ForWalks.co.uk is a directory of local dog walkers, and I love it!
I’ve been a dog owner for something like 30 years, on and off. In that time I’ve owned a fairly wide range of dogs, generally larger breeds, and with different needs. I’ve been lucky in that most of mine haven’t seemed unduly bothered by being left at home for long periods, for example when I’ve been working. I’ve also been lucky in that I’ve frequently been my own boss and have either been able to take dogs to work with me or have worked from home for at least part of the week.
However, I had a labrador who utill he was about two years old insisted on eating furniture if he was left alone for too long, and a mastiff who would drive the neighbours mad by howling after he’d been alone for more than a couple of hours. Both just wanted a bit of company and to stretch their legs, and I knew it.
Pressures of work and other demands on our time mean we’re not always able to get home to let our dogs out for a leak, never mind take him or her for a decent walk. The fact that it’s not really our own fault doesn’t make us feel any better when we know we’re neglecting our pets.
Non-existent at the time, we now have a huge dog walking industry, with professional dog walkers happy to visit your home and take your dog for a walk at the time of your choosing. As a dog owner, hiring a local dog walker means you no longer need to worry if you’re not able to get home to let your dog out for a walk. Yes, you have to pay for it but nothing’s free these days anyway.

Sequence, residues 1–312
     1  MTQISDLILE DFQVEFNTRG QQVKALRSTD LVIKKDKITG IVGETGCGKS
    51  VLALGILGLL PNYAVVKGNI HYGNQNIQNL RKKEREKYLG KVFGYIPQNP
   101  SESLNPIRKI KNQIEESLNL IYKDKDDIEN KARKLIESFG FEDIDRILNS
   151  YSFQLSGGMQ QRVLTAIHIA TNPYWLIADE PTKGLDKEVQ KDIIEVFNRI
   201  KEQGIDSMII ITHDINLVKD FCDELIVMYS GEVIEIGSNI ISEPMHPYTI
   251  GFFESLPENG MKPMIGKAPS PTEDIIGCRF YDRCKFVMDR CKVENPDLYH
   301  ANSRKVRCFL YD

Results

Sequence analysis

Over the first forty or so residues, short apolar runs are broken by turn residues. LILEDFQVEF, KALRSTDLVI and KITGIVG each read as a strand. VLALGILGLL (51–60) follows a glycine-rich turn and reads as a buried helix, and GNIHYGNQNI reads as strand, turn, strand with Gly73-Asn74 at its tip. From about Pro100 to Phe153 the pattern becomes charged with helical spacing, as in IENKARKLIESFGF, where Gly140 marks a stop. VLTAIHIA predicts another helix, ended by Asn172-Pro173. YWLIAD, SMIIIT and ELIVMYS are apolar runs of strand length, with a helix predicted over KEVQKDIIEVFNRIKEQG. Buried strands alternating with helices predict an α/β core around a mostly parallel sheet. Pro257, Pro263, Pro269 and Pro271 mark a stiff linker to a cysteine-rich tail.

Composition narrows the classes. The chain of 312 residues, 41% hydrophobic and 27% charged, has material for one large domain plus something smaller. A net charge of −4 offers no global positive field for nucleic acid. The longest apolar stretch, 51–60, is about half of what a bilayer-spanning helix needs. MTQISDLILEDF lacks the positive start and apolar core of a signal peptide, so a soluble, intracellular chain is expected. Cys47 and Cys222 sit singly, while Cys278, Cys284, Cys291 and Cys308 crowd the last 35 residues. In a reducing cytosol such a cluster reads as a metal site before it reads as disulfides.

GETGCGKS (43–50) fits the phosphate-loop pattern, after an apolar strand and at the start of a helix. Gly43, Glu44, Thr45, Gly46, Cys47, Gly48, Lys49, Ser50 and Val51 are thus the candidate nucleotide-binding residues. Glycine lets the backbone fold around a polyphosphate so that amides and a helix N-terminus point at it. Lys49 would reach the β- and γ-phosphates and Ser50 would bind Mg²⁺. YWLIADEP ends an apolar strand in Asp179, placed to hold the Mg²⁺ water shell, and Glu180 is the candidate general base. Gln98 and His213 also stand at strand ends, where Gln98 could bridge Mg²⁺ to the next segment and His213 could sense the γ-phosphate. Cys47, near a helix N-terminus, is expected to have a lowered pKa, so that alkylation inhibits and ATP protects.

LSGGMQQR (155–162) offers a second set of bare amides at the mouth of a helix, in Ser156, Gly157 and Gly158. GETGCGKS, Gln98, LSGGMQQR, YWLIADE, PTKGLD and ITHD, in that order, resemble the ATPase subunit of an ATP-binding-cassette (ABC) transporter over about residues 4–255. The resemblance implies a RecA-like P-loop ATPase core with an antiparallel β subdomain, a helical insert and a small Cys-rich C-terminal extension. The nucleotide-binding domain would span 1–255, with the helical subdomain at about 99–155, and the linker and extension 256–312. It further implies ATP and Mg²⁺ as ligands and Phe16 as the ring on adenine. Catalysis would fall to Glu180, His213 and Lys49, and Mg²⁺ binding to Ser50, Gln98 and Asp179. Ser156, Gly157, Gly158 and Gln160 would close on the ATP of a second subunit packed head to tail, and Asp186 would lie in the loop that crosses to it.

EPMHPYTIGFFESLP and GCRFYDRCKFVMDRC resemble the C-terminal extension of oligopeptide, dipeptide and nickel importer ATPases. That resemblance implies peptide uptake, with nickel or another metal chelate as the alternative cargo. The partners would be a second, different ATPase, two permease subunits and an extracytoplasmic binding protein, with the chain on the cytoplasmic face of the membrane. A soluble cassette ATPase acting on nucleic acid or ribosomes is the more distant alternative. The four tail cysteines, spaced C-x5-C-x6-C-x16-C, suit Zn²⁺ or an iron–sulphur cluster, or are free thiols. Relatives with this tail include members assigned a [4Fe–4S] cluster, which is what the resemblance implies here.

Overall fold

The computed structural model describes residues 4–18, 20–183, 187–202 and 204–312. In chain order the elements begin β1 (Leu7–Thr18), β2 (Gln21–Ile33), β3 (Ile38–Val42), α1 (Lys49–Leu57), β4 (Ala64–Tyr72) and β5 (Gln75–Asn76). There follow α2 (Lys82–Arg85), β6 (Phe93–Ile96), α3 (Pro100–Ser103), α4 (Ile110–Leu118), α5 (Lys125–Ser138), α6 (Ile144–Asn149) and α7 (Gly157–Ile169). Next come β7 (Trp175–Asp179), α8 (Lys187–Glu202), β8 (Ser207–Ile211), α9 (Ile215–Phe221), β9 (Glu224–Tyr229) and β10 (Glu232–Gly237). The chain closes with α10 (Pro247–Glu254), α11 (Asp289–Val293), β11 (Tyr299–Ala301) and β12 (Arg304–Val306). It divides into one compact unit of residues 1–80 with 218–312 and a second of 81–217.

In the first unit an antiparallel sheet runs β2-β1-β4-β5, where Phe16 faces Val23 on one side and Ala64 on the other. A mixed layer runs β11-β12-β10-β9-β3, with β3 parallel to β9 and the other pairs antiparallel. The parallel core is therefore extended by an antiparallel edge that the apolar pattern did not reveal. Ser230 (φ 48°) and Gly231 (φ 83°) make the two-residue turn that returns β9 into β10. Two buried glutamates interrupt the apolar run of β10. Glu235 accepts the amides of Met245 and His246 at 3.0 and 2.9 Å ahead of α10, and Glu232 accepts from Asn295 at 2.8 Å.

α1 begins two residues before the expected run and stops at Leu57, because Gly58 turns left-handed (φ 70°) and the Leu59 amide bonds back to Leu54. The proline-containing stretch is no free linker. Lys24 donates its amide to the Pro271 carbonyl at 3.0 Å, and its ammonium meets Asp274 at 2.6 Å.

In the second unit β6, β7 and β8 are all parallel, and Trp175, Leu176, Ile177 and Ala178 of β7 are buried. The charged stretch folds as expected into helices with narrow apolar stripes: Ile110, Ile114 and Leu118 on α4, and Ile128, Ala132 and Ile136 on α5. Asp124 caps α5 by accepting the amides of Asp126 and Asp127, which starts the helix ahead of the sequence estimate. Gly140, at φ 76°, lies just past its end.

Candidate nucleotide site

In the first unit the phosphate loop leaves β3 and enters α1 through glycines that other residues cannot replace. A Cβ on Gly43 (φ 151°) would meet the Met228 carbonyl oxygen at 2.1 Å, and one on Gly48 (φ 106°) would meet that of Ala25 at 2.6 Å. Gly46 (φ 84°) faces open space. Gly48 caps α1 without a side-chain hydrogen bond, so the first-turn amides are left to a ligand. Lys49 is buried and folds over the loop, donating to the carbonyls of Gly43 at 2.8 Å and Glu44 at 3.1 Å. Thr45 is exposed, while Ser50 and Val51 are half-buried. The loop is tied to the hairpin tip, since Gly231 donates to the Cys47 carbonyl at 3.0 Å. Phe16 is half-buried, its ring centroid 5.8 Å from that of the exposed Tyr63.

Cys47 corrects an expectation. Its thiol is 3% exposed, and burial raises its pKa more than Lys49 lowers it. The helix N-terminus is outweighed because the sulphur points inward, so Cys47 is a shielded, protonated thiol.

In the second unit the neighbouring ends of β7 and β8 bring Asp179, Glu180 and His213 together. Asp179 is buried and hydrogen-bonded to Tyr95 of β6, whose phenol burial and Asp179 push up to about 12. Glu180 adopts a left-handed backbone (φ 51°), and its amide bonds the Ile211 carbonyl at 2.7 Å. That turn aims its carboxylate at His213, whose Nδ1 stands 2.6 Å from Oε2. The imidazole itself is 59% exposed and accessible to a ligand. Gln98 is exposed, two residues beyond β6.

Forwalks.co.uk, launched in May 2018, is a directory of dog walkers. Because it’s new it’s predictably small and only has a few registered dog walkers at the moment but it will grow fairly quickly. I know this because I know the people who created it – they’re friends.
As well as dog walkers, the site also includes sections where you can look for a local dogsitter, homestay boarding and even doggy daycare. All you need, basically. I particularly like the dog homestay boarding section because I don’t like using boarding kennels. I’ve used two and neither stay ended well. In one case one of my boys came back to me having lost nearly 50% of his overall weight. Fair enough, I discovered later that he had cancer and that being unhappy at being left on his own for the first and only time in his life probably caused his sickness to show itself, but I’ll never forget the kennels owner who seemed not to be bothered that a dog would look so poorly.
On the second occasion I collected another dog from a different kennels and found him in evident pain, drooling and seeming as if he’d just had vomit brushed off him. I took him straight to a vet and found he had a stomach torsion. That was in 1993 and I’ve never used a kennels since. I’m not saying that people shouldn’t use a boarding kennels or even that my experiences are the fault of the kennels I used, just that I prefer not to use them again.
I’ve usually been able to find friends or family who will look after my dogs while I’m away since then, but dog homestay boarding is more or less the same thing in that your dog lives in someone’s home while you’re away. It’s something I’m bound to use at some stage, and possibly as soon as this summer when I fancy a trip to the USA.